Currently it is legal to kill yourself in Germany, but what about in the past?

What were the laws on suicide in the Third Reich?

Was it illegal to kill yourself? What about self-maiming, like blinding yourself?

  • 1
    The question is about suicide, not euthanasia. Mar 12, 2015 at 2:56
  • 1
    While I'm not sure if it was (officially) legal, suicide was (inofficially) offered as an option to Erwin Rommel instead of being put to trial after the July 20th assassination attempt at Hitler.
    – ssc
    Mar 13, 2015 at 20:53
  • If suicide was banned, how could you punish someone that broke the law and commited suicide ? This just does not make sense.
    – Bregalad
    Mar 13, 2015 at 22:02
  • 2
    @Bregalad 1. if he fails, he get punished, 2. if someone helped him, he gets punished, 3. you fine him even if he died, which basically means the fine will be paid by his heirs.
    – o0'.
    Mar 14, 2015 at 10:16

2 Answers 2


That needs some differentiation:

"What were the laws on suicide in the Third Reich?" is easier to answer than

"Was it illegal to kill yourself? What about self-maiming, like blinding yourself?" since you have to differentiate that in terms of situation.

If any Jew killed himself, that was quite welcome by the regime. If a frontline soldier maimed himself he was punished for cowardice.

In their urge for racial purity of the Volkskörper (nation's body) criminals, Jews, disabled, everything and everyone unwanted was (in)officially encouraged to commit suicide. Only maiming oneself was seen as adding an additional burden to the Volkskörper (also known as 'the taxpayer'?).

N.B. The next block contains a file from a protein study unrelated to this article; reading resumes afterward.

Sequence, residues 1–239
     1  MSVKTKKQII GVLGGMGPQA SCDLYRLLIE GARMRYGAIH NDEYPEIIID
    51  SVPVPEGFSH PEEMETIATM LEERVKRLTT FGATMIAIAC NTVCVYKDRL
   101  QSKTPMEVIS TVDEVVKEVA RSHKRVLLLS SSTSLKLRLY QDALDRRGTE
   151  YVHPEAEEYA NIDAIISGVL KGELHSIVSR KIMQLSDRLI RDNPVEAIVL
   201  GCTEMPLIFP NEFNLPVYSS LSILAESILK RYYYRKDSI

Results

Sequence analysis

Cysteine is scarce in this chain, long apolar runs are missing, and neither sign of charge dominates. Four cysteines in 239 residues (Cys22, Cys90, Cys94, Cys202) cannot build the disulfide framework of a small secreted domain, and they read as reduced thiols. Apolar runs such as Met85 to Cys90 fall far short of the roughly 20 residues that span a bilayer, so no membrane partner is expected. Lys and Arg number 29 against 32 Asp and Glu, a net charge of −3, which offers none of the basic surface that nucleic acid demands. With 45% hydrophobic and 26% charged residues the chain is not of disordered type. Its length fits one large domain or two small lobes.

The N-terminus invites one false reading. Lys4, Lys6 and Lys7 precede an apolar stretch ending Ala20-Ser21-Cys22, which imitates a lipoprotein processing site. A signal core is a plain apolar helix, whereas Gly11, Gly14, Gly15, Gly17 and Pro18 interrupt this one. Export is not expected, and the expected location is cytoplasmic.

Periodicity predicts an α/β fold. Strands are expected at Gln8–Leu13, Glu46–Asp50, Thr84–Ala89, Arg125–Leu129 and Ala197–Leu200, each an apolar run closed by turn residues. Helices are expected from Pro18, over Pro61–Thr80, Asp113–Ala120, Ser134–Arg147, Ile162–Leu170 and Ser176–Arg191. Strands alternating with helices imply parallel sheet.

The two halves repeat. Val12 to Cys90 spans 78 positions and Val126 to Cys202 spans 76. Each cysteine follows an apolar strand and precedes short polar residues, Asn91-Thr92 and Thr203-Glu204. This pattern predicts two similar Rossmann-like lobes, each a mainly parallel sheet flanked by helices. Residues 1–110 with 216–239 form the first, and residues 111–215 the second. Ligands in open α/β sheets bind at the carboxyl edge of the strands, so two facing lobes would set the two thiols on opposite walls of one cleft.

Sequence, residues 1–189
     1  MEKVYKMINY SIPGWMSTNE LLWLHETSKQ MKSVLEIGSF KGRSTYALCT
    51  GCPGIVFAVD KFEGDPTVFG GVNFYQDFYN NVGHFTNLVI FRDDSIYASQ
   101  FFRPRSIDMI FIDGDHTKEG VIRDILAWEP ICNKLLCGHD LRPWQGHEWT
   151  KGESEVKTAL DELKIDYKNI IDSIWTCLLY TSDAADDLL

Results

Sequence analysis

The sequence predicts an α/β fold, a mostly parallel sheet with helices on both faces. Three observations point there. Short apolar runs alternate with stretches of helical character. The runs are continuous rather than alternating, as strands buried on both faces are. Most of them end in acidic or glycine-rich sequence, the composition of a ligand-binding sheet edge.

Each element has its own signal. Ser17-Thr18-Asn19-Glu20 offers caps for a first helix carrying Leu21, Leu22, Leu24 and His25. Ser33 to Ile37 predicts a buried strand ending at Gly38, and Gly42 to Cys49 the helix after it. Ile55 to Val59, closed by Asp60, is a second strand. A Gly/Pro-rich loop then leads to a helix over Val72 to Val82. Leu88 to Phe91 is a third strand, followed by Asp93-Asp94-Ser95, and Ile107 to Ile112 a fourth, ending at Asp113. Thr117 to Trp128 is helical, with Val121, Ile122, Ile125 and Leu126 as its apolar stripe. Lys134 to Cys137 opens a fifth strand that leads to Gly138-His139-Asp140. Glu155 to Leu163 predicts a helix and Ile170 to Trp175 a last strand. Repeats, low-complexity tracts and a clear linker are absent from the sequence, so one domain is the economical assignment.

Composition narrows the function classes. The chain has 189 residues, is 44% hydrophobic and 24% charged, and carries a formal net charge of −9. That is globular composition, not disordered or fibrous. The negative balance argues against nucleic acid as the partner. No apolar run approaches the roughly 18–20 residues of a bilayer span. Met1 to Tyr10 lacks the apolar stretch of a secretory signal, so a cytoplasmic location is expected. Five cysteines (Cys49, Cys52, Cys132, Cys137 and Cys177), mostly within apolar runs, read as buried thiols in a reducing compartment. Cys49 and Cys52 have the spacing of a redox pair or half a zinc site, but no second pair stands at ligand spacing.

Able bodied Aryans, however, are a completely different story. They had a body of their own, but it didn't belong to them anymore. It was now part of the Volkskörper or Volksgemeinschaft. Suicide would mean to rob the Volksgemeinschaft and was therefore illegal. If anyone wanted to die, not belonging to the unwanted category, his only option in nazi theory was to do so killing Russians and the like. Suicide-by-enemy or suicide attacks were sometimes officially encouraged. One example was the German variant of kamikaze, the Sonderkommando Elbe or Leonidas Squadron.

But that was not really codified in law during the nazi reign. It was however enforced in courts, since nazi law and nazi rule were not always concerned with adhering to the concept of positive law, but increasingly on gesundes Volksempfinden (~ "healthy feeling [~common sense] of the people").

The following are some excerpts:

The Nazis never enforced a new penal code, however, because the progressive radicalization of the regime, increasingly less concerned with legal codifications, outdated the commission’s various drafts. Nevertheless, the debates within the commission shed light on leading Nazi lawyers’ attitudes towards suicide.